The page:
In this video I'd like to introduce Meteor's publish and subscribe system. It's one of the key ways that we're able to get data from the server to the client, and then to keep that data up to date as it changes over time. Let's take a look at an application example. On the top left I have my client code, and on the top right the server code, so that we can clearly see the difference.
And the way this works is the client will subscribe to a data set, or to a named publish function. In this case I'm asking for the publish function called last few items. The server creates a publish function by calling Meteor publish, giving it a name, and then a function to run when a client connects and wants to subscribe. A typical example of a published function is one that returns a cursor.
In this case we're returning a cursor from the items collection, and we're finding the last three created items. Down below we've used Meteor's collection in the browser, called items, and we called find.fetch, and you can see the three items that we got from the server here. Let's take a closer look at what's happening. Let me draw a diagram.
On the server, let's pretend we have a big collection called items. So I'll draw this with a bunch of lines, and these will be documents in the collection. And this is our items collection on the server. On the client, what we want to do is to get a view into that data. So I'm going to draw a smaller collection to say-- let's just say we want the top three documents.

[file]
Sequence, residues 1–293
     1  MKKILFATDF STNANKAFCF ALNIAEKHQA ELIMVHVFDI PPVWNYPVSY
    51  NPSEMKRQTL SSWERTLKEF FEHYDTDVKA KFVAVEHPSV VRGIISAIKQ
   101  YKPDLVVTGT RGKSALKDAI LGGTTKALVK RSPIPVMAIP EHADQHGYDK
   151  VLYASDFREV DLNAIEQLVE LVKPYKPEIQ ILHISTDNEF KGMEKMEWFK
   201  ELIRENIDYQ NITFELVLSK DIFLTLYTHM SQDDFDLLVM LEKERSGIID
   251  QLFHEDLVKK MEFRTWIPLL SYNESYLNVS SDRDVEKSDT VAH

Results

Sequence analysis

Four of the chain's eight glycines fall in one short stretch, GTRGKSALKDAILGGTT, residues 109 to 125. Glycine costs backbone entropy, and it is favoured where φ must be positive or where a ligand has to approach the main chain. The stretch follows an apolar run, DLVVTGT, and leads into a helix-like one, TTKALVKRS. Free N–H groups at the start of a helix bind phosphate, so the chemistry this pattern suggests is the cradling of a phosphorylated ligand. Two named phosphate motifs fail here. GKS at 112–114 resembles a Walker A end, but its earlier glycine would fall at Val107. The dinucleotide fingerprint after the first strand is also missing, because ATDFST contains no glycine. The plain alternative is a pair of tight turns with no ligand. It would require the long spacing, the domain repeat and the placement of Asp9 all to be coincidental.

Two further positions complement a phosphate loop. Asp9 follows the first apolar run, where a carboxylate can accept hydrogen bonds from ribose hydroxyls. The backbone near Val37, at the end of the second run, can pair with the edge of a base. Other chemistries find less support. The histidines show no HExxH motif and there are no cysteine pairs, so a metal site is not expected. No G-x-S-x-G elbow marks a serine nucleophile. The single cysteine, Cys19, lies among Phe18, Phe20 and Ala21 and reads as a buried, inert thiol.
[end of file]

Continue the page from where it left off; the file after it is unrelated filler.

What pub/sub gives us is the ability to get a view into the server side data. In other words, it's what the client can see. So the way that we're able to do this is the client can subscribe or make a subscription request, so it sends up a DDP message to the server that looks something like this. Then the server is going to send back, or is going to run this publish function, so let me change the color here.
And it's going to send back the initial data set. So in this case we're going to have three documents, and what it's going to do is to send three messages back to the server, or back to the client-- one for each document. These messages are called added messages. So we'll send one added message for each document in the result set.
Once those initial documents have been sent, the client need some way to know that the server is done sending the initial messages. And the way that happens is the server can send an additional message called the ready message. And when the client receives this, it knows that the initial result set, or the first three documents here have been sent down.
One of the cool things about publish functions is that once we have our initial data set, at some later time, let's just say two or three minutes later, the server can send additional messages to change the data set. For example, it might send an additional message, which is called a changed message, to change one of the documents. And it might also send another one called a remove to remove a document.
And it can even add more documents by calling the added, or sending an added message. And so this allows the client to get a stream of messages over time that can change our view of the data. And when the client is done and it doesn't want to receive these messages anymore, it can send an additional message up to the server to unsubscribe from the published function, and then it won't receive anymore messages for this publish function.
And any data that was associated with the publish function will be cleaned up automatically. In this video we looked at how the pub/sub system in Meteor lets a client get a view into data.
In other words, it decides what data the client can see. We look at a little bit about how the DDP protocol supports this feature with messages like sub, added, ready, changed, removed, and unsub. In the next couple of videos we'll look at the mechanics of the publish and subscribe system in some code.